BINOCHE: (As Maria Enders) I'd rather wait until rehearsal's started, keep the image of Sigrid as my (inaudible) - I know, I know, it's disturbing. I found it more interesting.

STEWART: (As Valentine) I didn't know you at 18, but I'm almost positive Jo-Ann's a lot worse.

BINOCHE: (As Maria Enders) How can you be so sure?

STEWART: (As Valentine) Have you Googled her?

BINOCHE: (As Maria Enders) Well, I just looked at the pictures.

STEWART: (As Valentine) Well, you should dig a little deeper - won't take you long to find all the naked photos, the latest updates on her exploits.

EDELSTEIN: The first thing that hits you about "Clouds Of Sils Maria" is how deliciously meta it is. The characters in the play overlap with the characters in the film overlap with Juliette Binoche, Kristen Stewart and Chloe Grace Moretz. A big source of delight is watching Stewart, so famous in tabloids for her sullen, shlumpy affect, gulp coffee, field calls and run interference with the paparazzi while envisioning Stewart's own personal assistant doing the exact same thing. She is wonderful and unusually comfortable, ironically, by plumbing her own discomfort, using her squirmy, non-actressy presence to generate an amazing amount of sympathy.

Moretz arrives in the last 45 minutes and upstages everyone. Her Jo-Ann is just coming into her sexuality, a peak moment for an actress in this culture. The "All About Eve" side is strong and not just vis-a-vis the conflict on screen. Binoche is dwarfed on the international celebrity circuit by Stewart. But Stewart's era as a so-called franchise goddess ended with the last "Twilight" film. And now she's gazing on Moretz, the next generation's it girl.

Each actress is, in her own way, preternaturally high-strung, able to convey momentous emotional stakes without raising her voice. It's Binoche, though, who anchors "Clouds Of Sils Maria." Her Maria is in denial of her aging for much of the movie. But then, with such subtlety you can't see it happening, she transforms. She becomes more self-possessed, less a victim of time than a faintly amused bystander, feeling the first stirrings of something beyond the material world. In the end, you realize the director, Olivier Assayas, has used these ephemeral, gossip magazine ingredients - wealth, fashion, celebrity - as a springboard for that most timeless of themes - the ephemerality of us all.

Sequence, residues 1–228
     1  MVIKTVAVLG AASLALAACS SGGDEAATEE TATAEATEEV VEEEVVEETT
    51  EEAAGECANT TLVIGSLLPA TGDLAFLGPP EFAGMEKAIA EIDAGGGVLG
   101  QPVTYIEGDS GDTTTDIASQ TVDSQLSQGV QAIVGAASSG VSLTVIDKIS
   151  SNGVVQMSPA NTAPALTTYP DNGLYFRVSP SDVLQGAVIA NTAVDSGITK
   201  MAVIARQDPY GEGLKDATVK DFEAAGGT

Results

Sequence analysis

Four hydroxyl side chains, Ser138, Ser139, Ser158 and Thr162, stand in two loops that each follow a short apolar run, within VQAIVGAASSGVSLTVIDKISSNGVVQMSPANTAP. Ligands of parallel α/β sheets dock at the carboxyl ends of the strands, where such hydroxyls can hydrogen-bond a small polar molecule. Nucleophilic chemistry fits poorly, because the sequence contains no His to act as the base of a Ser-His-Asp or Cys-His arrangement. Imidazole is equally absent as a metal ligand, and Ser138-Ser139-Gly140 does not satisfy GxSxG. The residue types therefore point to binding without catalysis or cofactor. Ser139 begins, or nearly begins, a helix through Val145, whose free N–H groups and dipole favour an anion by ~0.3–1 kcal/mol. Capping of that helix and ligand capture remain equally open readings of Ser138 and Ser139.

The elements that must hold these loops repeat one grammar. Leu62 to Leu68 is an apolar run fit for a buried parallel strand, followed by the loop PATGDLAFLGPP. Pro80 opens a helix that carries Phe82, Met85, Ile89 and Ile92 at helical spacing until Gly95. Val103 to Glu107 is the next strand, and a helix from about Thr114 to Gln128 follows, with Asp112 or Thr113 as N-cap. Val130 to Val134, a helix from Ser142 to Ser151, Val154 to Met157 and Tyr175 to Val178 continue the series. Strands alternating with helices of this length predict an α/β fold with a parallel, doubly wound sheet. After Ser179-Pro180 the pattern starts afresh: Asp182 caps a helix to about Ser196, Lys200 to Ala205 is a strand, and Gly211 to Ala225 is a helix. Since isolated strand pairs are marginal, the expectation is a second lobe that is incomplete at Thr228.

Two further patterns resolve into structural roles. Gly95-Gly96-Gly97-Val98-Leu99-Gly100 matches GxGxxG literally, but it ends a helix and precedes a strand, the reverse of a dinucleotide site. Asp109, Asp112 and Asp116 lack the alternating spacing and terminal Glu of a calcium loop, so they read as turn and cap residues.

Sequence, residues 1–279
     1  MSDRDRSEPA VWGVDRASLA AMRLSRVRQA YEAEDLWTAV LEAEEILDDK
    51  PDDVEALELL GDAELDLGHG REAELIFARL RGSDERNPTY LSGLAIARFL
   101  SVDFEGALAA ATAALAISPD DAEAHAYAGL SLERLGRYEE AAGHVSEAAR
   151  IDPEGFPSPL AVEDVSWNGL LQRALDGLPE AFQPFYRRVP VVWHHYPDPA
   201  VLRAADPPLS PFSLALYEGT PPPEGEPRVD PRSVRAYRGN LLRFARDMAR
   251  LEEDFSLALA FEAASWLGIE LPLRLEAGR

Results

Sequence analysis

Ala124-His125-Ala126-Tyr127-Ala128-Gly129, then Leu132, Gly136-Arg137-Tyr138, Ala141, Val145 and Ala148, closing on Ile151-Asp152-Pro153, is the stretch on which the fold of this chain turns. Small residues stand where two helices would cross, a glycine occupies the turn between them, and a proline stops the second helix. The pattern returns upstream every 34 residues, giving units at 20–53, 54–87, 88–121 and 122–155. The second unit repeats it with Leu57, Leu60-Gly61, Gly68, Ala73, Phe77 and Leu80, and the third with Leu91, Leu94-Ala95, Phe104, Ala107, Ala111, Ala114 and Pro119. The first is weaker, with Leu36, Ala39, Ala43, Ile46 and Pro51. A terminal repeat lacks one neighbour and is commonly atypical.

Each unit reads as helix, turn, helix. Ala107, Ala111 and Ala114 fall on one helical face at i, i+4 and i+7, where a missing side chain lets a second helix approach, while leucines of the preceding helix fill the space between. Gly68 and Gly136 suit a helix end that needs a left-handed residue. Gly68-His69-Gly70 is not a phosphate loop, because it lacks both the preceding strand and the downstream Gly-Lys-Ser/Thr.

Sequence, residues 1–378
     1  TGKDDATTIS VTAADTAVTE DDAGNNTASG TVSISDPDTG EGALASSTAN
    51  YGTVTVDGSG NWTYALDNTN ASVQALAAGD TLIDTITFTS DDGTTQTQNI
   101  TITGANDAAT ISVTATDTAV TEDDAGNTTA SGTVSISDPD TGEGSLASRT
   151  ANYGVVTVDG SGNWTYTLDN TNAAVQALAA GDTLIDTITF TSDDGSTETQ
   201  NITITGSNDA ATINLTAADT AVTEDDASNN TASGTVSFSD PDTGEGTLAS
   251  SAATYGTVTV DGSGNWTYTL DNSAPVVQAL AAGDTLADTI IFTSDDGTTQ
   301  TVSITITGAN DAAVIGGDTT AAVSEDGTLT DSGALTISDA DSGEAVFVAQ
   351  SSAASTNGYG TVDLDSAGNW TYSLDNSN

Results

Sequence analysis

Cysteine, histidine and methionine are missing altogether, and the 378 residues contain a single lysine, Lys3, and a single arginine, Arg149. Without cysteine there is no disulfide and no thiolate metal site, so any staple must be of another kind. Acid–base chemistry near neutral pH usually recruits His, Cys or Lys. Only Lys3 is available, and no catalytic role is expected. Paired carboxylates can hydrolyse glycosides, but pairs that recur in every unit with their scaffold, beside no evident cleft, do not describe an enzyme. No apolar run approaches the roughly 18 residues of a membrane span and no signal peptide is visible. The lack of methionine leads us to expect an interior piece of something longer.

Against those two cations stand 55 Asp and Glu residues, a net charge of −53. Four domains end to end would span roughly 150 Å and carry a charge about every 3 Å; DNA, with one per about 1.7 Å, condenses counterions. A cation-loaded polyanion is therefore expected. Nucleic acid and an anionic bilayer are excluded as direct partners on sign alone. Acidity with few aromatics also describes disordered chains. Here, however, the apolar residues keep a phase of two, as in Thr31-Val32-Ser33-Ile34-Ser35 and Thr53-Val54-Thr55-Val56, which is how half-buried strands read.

BIANCULLI: David Edelstein is film critic for New York magazine. On the next FRESH AIR, we look back at a time in the 1970s when in one 18-month period, there were 2,500 bombings in the U.S. by radical underground groups. We talk with Brian Burrough about the Weathermen, the Black Liberation Army and others.

BRIAN BURROUGH: They believed a revolution was imminent and that violence would speed the change.

BIANCULLI: His new book is "Days Of Rage." Join us. Transcript provided by NPR, Copyright NPR.

David Edelstein is a film critic for New York magazine and for NPR's Fresh Air, and an occasional commentator on film for CBS Sunday Morning. He has also written film criticism for the Village Voice, The New York Post, and Rolling Stone, and is a frequent contributor to the New York Times' Arts & Leisure section.